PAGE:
Surgical consent: Chester, Montgomery & Duce.

Duce v Worcestershire Acute Hospitals NHS Trust [2018] EWCA Civ 1307 (“Duce”)

This blog looks at the recent Court of Appeal decision in relation to cases of surgical consent (“Duce”) and analyses the use in this case of Montgomery v Lanarkshire Health Board [2015] UKSC 11 (“Montgomery”)  and Chester v Afshar [2004] UKHL 41 (“Chester”).

Please note, this blog is by no means intended to be legal guidance but rather my comment on how I perceive the case law in relation to surgical consent.


The Appellant had suffered from painful and heavy periods and also from around January 2006 suffered from lower back pain.  At the end of 2007 she sought medical advice in respect of her symptoms and was seen in clinic to discuss the possibility of undergoing a total abdominal hysterectomy (“TAH”).

She was seen by Dr Stanley in February 2008, whose notes explained he had advised a TAH was a “major operation with associated risks”.  A letter in the same month from Dr Stanley to the Consultant Gynaecologist requested he review the option of a TAH with the Appellant. He made the Consultant Gynaecologist aware that he had recommended the Appellant try less invasive methods.

A further review with the professional the Appellant had first seen in clinic saw the Appellant confirm she would not consider other treatment options, as she did not want to go through with them for them then to fail.

The Appellant’s original operation was cancelled, and she did not receive the new appointment letter, meaning she only learnt she was having surgery that morning. Once at the hospital, she met with the surgeon Mr Elneil, and the Registrar Mrs Singh. Mrs Singh dealt with consent.

Following the surgery (which was performed non-negligently) it became apparent the Appellant had sustained nerve damage and had developed what is now known as Chronic Post-Surgical Pain (“CPSP”).


The Appellant noted that she felt the staff were in a hurry and she felt pressure to complete the consent form promptly.

It was accepted in the first trial that there had been a discussion between the Appellant and Mrs Singh where Mrs Singh advised the existing pain may not be relieved. It was accepted Mrs Singh would have warned of post-operative pain. Crucially, Mrs Singh accepted she would not have said there was a risk of the Appellant developing chronic pain or chronic post-surgical pain.

Trial at first instance

There were amendments to the particulars of claim throughout the case, but these centred on a duty to warn of chronic pain, neuropathic pain & CPSP.

Breach of Duty

The two gynaecology experts in the case agreed that CPSP was not common knowledge amongst gynaecologists in 2008 and it would not normally be mentioned in taking consent for a hysterectomy.

The Judge at first instance found in relation to breach that it was agreed there was no duty to warn of CPSP and on the basis of accepting the evidence of the respondent’s expert, he found that there was no duty to warn a patient of the risk of chronic or neuropathic or nerve pain, whether long or short term.


In relation to causation, he found that had she been warned of nerve pain and on the balance of probabilities, it was more likely than not that the patient would have proceeded with the operation on the day.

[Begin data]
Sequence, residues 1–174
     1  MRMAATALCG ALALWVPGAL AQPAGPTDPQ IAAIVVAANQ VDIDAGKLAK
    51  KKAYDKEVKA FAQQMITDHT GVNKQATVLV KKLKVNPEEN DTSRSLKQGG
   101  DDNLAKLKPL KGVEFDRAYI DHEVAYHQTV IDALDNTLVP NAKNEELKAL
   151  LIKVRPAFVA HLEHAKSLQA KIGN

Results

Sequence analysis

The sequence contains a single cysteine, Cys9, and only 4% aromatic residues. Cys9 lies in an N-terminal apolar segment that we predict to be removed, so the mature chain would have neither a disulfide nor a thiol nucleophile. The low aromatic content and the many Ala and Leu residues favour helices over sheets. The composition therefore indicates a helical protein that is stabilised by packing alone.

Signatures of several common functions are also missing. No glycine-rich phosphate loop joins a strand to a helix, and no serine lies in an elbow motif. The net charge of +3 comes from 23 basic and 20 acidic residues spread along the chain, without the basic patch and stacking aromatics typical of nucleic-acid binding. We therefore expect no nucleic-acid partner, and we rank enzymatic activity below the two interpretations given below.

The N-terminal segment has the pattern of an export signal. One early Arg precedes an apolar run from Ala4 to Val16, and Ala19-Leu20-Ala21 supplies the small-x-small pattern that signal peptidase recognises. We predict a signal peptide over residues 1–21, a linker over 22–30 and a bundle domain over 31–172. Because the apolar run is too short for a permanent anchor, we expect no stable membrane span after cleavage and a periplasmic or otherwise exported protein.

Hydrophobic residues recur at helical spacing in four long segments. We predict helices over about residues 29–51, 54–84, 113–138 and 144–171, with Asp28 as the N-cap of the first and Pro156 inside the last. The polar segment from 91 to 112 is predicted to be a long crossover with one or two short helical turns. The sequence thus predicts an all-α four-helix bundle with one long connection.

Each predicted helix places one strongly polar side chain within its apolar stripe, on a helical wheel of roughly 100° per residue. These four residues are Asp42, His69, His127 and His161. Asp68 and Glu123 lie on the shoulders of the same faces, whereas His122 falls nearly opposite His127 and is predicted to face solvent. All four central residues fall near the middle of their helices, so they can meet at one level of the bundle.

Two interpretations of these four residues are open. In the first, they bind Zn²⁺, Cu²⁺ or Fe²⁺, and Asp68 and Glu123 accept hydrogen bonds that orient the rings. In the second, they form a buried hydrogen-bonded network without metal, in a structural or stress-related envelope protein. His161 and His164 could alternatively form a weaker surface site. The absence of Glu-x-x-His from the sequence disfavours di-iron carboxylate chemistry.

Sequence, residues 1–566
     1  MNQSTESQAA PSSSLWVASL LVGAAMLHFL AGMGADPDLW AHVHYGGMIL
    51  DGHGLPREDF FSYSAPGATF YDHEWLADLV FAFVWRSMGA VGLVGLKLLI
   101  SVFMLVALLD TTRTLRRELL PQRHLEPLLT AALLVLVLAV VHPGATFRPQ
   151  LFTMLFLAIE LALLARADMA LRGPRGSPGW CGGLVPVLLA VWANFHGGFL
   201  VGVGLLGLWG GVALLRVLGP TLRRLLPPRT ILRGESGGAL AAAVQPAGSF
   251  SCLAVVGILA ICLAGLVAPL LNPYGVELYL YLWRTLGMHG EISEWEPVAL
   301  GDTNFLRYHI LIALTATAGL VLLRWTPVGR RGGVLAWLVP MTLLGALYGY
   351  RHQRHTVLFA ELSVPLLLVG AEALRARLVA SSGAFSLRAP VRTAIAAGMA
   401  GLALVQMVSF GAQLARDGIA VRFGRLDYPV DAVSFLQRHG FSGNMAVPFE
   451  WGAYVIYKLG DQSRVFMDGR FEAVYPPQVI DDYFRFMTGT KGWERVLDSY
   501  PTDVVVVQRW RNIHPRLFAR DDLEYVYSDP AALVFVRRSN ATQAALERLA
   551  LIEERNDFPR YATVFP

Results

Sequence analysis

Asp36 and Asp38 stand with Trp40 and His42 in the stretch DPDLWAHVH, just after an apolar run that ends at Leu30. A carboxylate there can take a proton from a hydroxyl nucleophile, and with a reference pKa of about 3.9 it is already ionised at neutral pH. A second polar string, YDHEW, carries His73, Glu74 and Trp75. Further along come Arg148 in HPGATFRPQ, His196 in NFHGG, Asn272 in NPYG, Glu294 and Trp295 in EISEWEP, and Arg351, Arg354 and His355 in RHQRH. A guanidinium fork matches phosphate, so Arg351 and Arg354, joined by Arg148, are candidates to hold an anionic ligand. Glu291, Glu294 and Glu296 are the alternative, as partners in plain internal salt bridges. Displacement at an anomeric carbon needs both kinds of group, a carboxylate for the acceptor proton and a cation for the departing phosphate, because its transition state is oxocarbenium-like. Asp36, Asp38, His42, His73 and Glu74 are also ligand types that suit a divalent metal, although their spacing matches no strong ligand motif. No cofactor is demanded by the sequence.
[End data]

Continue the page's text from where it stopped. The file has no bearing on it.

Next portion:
Grounds of appeal

(1)   Breach of duty

The grounds of appeal around breach of duty centred on the Judge failing to apply the test set out in Montgomery and instead applying the old law, and therefore relying on the respondent’s expert, as though applying Sidaway[1]/Bolam.[2]


In Montgomery, the Supreme Court set out the nature of the duty in relation to consent.

As set out in paragraph 87 of Montgomery, the nature of the duty in these cases is “a duty to take reasonable care to ensure that the patient is aware of any material risks involved in any recommended treatment, and of any reasonable alternative or variant treatments.”

Paragraph 33 of Duce set out from the previous cases that the test is twofold:

(1)   Did the medical professionals know about the risk – were the risks associated known or should have been known to the medical professional in question?

(2)   Were they material risks?


“Material Risks”

In relation to whether they risks are material, that decision can not be made by expert evidence alone.

As set out in pp889-890 of Sidaway the test of materiality, is “whether in the circumstances of the particular case, a reasonable person in the patient’s position would be likely to attach significance to the risk, or the doctor is or should be reasonably aware that the particular patient would be likely to attach significance to it.”

Montgomery set out the factors to take into account, which include:

  • The odds of the risk materialising;
  • The nature of the risk;
  • The effect of the occurrence of the risk on the patient;
  • The importance to the patient of the benefits sought to be achieved by the treatment;
  • The alternatives available and the risks of these.

Findings on breach of duty

The Court of Appeal agreed with Counsel for the respondent in that the reason the Judge did not address the issue of materiality is that the case fell at the first hurdle, namely of whether the medical professionals knew/ought to have known about the risk. The Judge had found that in 2008 there wasn’t sufficient understanding amongst gynaecologists about the risk of this specific pain and as noted “a clinician is not required to warn of a risk of which he cannot reasonably be taken to be aware.”[3]

Ground 1 of the appeal, in relation to breach of duty, was therefore rejected.

(1)   Causation

The grounds of appeal in relation to causation alleged the Judge had failed to apply the test of causation set out in Chester and if that test had been applied, causation would have succeeded.